Can I sue the apartment complex if I slipped on ice in the parking lot? How? 13 Answers as of June 28, 2015

I slipped on ice at an apartment complex on the way to my car. The entire parking lot is ice. Can I sue the complex?

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The Law Offices of Russell Gregory, P.C.
The Law Offices of Russell Gregory, P.C. | Russell Gregory
Possibly. You'll probably get a lot of responses about Michigan's open and obvious danger defense (if the danger was open and obvious, you can't sue), and ice typically falls into this category. Plus there are other cases regarding snow and ice that are unfavorable to injury claimants. Still, each case is worth examining on its own facts, as there are exceptions (for example, if you had no other route choice but over the iced area). So, it's worth discussing the details, to see if something can be pursued.
Answer Applies to: Michigan
Replied: 6/28/2015
Law Offices of Richard M. Levy P.C.
Law Offices of Richard M. Levy P.C. | Richard M. Levy
Yes, but there are potential liability issues. It's important that you retain an experienced lawyer.
Answer Applies to: New York
Replied: 6/26/2015
Law Offices of Ronald A. Steinberg & Associates | Ronald A. Steinberg, BA, MA, JD
In Michigan, it is possible, but very difficult.
Answer Applies to: Michigan
Replied: 6/26/2015
Richard B. Jacobson & Associates, LLC | Richard B. Jacobson
Probably. The question o answer is multiple: what duty the owner owed to you, and did he breach it, and was the breach the direct cause of injuries? Consult a personal injury to be sure. Some municipalities have ordinances which cover this kind of question.
Answer Applies to: Wisconsin
Replied: 6/26/2015
James E. Hasser, Jr. P.C.
James E. Hasser, Jr. P.C. | Jim Hasser
It depends on whether the complex had a duty to remove the ice. Check your lease. There may be local ordinances as well. Consider consulting an experienced injury lawyer familiar with premises liability cases. Good luck.
Answer Applies to: Alabama
Replied: 6/26/2015
    Andrew T. Velonis, P.C.
    Andrew T. Velonis, P.C. | Andrew Velonis
    In order to make a claim against a property owner (including stores, parking lots, apartments, etc) the injured party has to show that the owner knew or should have known of the hazard, had an opportunity to correct it, and failed to take action. So, you would have to prove that the owner of the parking lot knew of the ice, had time to salt or sand it, and did not do so.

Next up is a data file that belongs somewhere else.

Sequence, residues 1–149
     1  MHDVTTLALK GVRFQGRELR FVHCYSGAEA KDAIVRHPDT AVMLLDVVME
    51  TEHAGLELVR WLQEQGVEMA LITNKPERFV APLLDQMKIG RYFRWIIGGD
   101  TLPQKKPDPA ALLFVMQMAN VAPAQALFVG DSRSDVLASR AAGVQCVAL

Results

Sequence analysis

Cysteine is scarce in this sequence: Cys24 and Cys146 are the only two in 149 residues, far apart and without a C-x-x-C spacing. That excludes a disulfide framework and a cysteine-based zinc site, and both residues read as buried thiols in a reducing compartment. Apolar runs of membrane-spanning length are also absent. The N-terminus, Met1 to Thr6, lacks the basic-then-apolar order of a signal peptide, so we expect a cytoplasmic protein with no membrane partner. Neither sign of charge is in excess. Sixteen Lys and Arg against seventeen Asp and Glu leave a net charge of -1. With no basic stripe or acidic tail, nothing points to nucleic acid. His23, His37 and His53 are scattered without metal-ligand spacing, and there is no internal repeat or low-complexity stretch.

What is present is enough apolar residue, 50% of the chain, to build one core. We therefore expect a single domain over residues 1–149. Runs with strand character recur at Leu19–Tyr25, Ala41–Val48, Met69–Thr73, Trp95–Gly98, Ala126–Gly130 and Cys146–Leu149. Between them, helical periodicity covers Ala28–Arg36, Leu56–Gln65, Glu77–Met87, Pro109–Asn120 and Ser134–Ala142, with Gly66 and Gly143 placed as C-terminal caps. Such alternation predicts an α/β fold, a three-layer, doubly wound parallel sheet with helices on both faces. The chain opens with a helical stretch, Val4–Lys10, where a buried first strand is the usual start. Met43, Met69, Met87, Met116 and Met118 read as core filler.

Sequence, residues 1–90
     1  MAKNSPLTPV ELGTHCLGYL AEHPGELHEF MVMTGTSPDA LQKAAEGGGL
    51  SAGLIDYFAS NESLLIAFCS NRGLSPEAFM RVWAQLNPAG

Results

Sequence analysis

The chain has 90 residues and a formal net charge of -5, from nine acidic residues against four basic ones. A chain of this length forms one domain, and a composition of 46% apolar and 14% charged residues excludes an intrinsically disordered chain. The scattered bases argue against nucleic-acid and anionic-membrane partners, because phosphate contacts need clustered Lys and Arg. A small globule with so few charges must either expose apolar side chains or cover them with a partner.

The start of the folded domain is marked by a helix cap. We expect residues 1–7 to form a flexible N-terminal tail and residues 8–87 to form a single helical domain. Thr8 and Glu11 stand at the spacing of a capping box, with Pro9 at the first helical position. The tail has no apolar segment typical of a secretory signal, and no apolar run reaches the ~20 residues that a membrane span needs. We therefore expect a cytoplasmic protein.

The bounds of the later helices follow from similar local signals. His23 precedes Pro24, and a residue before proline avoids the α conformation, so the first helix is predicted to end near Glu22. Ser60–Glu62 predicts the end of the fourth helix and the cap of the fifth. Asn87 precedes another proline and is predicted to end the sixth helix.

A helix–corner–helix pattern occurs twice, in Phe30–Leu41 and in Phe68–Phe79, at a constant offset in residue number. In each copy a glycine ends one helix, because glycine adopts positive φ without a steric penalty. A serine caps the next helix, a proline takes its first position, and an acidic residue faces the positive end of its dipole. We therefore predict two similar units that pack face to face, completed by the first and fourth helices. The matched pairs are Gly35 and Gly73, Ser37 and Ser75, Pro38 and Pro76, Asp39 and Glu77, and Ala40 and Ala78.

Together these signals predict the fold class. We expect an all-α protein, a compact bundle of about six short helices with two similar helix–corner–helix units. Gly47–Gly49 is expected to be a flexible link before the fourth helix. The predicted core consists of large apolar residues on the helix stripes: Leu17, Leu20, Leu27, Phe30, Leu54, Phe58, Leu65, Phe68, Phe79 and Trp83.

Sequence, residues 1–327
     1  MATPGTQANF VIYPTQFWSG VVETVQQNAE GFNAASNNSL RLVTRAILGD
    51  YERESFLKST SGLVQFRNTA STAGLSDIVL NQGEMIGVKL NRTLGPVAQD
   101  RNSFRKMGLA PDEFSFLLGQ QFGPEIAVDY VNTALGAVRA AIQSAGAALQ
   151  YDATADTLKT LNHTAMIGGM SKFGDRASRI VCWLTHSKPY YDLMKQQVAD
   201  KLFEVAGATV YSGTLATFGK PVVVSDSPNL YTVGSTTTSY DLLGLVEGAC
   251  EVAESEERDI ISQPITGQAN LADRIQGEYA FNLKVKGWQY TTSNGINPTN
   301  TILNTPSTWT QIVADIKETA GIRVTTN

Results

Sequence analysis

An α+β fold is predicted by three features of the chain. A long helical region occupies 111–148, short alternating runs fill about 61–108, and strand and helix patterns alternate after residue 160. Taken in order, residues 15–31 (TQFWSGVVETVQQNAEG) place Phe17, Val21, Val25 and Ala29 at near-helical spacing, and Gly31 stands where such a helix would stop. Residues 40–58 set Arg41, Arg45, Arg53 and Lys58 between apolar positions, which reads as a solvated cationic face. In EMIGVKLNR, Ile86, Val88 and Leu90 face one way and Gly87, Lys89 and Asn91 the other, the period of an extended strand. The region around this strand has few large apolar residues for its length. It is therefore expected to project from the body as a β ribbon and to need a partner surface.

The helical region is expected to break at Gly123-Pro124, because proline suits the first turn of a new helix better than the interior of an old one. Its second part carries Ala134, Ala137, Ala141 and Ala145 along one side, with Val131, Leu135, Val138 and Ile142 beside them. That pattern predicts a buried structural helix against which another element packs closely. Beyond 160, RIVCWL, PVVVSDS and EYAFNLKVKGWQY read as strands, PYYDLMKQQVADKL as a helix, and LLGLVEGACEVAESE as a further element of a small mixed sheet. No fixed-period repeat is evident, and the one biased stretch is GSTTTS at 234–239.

Answer Applies to: New York
    Replied: 6/26/2015
    Bulman Law Associates PLLC Injury Law Firm
    Bulman Law Associates PLLC Injury Law Firm | Thomas Bulman
    Take a picture. In Montana, jurors are quick to forgive a landowner for snow related conditions. Also, the defendant is allowed to argue you knew the footing was icy so you were careless or clumsy. That can lead to a zero or greatly reduced recovery.
    Answer Applies to: Montana
    Replied: 6/26/2015
    Law Office of Lisa Hurtado McDonnell | Lisa Hurtado McDonnell
    You have show negligence. Did you report it? Were you injured? Did you go to the doctor?
    Answer Applies to: Utah
    Replied: 6/26/2015
    Law Offices of George H. Shers | George H. Shers
    You do not give us enough information to make a guess. Did you suffer injuries worth suing? See a local personal injury attorney and tell them the entire set of facts. There is no charge to speak to the attorney.
    Answer Applies to: California
    Replied: 6/26/2015
    Adler Law Group, LLC
    Adler Law Group, LLC | Lawrence Adler
    You have a claim if you can show that they knew or should have known that there was a nice present and failed to act reasonably to timely remove it.
    Answer Applies to: Connecticut
    Replied: 6/25/2015
    Law Ofices of Edwin K. Niles | Edwin K. Niles
    What did they do wrong? You'd be better off suing mother nature for depositing the ice.
    Answer Applies to: California
    Replied: 6/25/2015
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